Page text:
The Language of Compassion: Speak Low, Speak Love
The language of compassion helps me feel that we are all in this together. Whether I speak it or hear it, something magical happens. Perhaps the why of it isn’t terribly mysterious. For one, there is some science behind it.
The science behind kindness and compassion
Studies claim that kindness produces serotonin, endorphins, and oxytocin, lowering blood pressure and reducing anxiety. This emboldens us to tear down our protective walls and let the sunshine in. Listening to music can increase these feel-good hormones. Antidepressants called SSRIs also increase serotonin, calming us and quieting our thoughts. Whether by choice or by drug, compassion creates harmony, a place where the individual can feel part of something bigger. Before there was modern science, though, cosmologists offered their own take.
Medieval philosophers insisted that being in harmony with the world comes from a celestial alignment of the planets. This produces an imperceptible sound which then thrums inside us, inducing the heart to beat in tandem with it. Called the Music of the Spheres, the music (or hum) is a mathematical concept rather than the audible variety. Yet religion precedes early physics as the source of compassion. Believers see kindness and love as proof that God not only resides outside the physical world but also dwells within it, and within us.
Whatever unseen force propels the expression of compassion and kindness, the words themselves always heal, redeem, and refresh. Universally speaking, what sounds pleasing, feels pleasing. Why then, isn’t there more of it?
Why aren't people more compassionate?
People are complicated. That isn’t meant as a criticism, we can’t help it. We possess a mixed bag of contradictions, inconsistent behaviors and feelings trundled into the boot of a living human vehicle. What is behind the wheel can vary at any given moment, but it seems that often, mood is the principal driver. Since mood is so changeable, it can suddenly steer us in a different direction.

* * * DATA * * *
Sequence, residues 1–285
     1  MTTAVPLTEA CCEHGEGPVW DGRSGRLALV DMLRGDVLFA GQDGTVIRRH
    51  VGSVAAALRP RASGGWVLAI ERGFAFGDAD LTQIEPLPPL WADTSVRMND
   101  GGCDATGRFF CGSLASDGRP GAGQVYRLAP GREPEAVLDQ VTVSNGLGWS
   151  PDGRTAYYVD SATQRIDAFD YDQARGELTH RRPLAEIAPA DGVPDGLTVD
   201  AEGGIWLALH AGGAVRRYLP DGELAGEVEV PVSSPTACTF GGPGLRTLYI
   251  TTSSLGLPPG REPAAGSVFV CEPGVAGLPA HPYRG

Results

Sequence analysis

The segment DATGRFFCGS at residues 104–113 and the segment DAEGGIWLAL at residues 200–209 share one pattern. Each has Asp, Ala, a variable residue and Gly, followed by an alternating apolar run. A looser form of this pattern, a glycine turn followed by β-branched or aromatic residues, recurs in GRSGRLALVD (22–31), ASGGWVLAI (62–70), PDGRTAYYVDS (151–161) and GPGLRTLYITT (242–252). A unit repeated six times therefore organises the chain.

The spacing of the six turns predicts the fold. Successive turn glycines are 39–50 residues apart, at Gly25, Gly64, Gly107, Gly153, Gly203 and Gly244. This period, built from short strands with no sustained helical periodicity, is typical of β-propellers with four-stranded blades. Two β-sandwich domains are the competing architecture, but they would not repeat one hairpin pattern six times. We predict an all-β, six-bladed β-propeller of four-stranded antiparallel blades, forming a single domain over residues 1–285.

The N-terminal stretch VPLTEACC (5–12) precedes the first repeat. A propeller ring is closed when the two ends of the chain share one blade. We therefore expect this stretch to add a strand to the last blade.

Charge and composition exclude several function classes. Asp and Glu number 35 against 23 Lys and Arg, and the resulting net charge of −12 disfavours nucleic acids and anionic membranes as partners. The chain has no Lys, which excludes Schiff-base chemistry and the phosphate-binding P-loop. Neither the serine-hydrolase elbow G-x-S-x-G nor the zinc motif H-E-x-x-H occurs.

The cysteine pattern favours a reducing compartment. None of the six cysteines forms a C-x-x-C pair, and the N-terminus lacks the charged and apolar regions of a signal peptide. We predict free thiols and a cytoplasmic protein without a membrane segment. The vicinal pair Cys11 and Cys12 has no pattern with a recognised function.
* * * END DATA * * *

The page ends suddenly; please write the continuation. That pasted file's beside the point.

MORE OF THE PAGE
Here’s an example
Early in the day, a woman talks to her sister on the phone while her four children play noisily nearby. Her nerves are shot from the noise, and she’s still hurting from a fight with her husband before he left for work. Lately, she feels a lack of sensitivity from everyone she’s close to. She is worried sick about her sister’s well-being, as sis is a battered wife and has only taken the woman into her confidence.
A troubled outburst
Worried, shaken, and angry, her babysitter finally arrives and she can go to the grocery store. In the parking lot, she spies a woman without a trace of disability walking away from her car in a handicapped space. Suddenly the unfairness of life wells up and she screams at the (she thinks) faking-being-disabled woman, threatening to call the police for depriving a for-real-suffering person of a handicapped space. She’s not a callous, mean person, just a troubled one. So how do we change this? Is it even possible?
People with MS can feel battered and defeated
We can’t change the past, of course. But we have tomorrows that can provide an opportunity for a do-over. People with MS can feel battered and defeated after so many insensitive encounters with the cluelessly-abled. But we can pull ourselves out of our own sorrows and try to see the pain behind the anger of the person screaming at us in the parking lot, too.
Language of compassion
What is the language of compassion? Speak low and speak love. Here is a song lyric that is meaningful to me and I hope it will touch you in some way. Though it is about romantic love, I feel that it is ultimately about the brevity of life and the urgency of being loving in each moment.
“Speak Low” (1943) Music by Kurt Weill, Lyric by Ogden Nash, from the Broadway musical "One Touch of Venus."
Speak low, when you speak, love,
Our summer day withers away,
Too soon, too soon.
Speak low when you speak, love,
Our moment is swift, like ships adrift,
We're swept apart too soon.
Speak low, darling speak low,
Love is a spark lost in the dark,
Too soon, too soon,
I feel wherever I go,
That tomorrow is near, tomorrow is here,
And always too soon.
I have the hardest time with my MS during the following season: